# How to work in Spreadsheet/Microsoft Excel

A spreadsheet is simply information put in rows and columns on paper. The information can be text or numbers. Many things in our daily lives are spreadsheet. The bill that a shopkeeper gives us for purchase of things is spreadsheet. Our report card is also a spreadsheet. So is a page from the accounts book in our school. In this article I am going to discuss how you can prepare a project using spreadsheet.

## Introduction:

Generally spreadsheets are used with numbers. With the use of computers becoming popular, electronic spreadsheets started replacing the ones made by hand on paper. Just as a word processor processes words, a spreadsheet processes numbers. It can perform all kinds of calculations on numbers-from simple calculations that we can do in school, to complicated scientific calculations.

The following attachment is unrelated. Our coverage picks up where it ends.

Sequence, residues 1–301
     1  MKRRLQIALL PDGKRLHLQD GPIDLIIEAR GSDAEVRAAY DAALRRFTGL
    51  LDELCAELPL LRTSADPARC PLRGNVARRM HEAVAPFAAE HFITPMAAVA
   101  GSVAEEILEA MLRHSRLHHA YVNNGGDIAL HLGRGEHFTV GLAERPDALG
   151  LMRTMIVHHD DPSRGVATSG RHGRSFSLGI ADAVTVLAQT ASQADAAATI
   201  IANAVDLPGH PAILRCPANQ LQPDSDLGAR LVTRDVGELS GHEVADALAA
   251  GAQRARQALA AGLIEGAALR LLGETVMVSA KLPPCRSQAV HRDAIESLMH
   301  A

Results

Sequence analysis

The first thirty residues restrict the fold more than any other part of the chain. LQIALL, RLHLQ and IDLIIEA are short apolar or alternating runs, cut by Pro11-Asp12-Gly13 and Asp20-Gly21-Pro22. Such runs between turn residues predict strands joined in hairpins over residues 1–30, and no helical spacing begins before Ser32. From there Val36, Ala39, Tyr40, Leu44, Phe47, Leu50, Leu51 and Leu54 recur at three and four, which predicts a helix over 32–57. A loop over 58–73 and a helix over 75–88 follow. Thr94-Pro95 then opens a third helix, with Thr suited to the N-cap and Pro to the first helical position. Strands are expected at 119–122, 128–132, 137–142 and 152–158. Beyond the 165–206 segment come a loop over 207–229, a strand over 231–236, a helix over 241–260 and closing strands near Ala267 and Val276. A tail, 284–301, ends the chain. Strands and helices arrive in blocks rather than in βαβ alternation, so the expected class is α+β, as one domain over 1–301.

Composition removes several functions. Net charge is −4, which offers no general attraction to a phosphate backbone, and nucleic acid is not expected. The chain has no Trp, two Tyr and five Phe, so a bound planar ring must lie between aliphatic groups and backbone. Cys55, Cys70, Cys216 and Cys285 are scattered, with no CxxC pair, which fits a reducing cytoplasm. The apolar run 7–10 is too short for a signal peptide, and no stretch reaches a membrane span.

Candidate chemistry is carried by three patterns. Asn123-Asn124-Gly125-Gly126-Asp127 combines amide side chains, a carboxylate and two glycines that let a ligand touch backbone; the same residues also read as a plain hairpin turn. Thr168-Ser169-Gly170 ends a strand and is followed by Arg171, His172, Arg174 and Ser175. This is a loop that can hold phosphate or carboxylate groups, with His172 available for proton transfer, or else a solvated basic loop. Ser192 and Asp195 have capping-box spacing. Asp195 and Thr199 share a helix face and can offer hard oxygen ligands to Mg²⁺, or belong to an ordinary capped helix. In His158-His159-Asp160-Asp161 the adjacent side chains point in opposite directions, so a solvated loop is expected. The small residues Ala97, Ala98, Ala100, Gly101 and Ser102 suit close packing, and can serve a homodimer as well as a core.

## History of Spreadsheet:

The first electronic spreadsheet software was developed in 1978. It was called

**VisiCalc**. It was very popular and widely used. In 1983 the founders of Lotus Development Corporation developed another spreadsheet software called Lotus1-2-3. It was made for the IBM PC. It allowed data to be presented in the form of charts as well.

**Lotus 1-2-3**is still used. However, a more powerful and advanced spreadsheet software is now available. This is the

**Microsoft Excel**spreadsheet software.

## Working on Excel:

To start Excel go to the

**start**button. Select

**programs**, and click on Microsoft Excel in the list of programs. The Excel window appears on the screen. The blank spreadsheet looks like a table. It has rows and columns made in it.

Columns are labeled as letters. Letters go from A to Z, and then from AA to AZ, BA to BZ, and so on till IV. There are 256 columns in all in a spreadsheet. Rows are labeled as numbers 1,2,3….There are several thousand rows in a spreadsheet.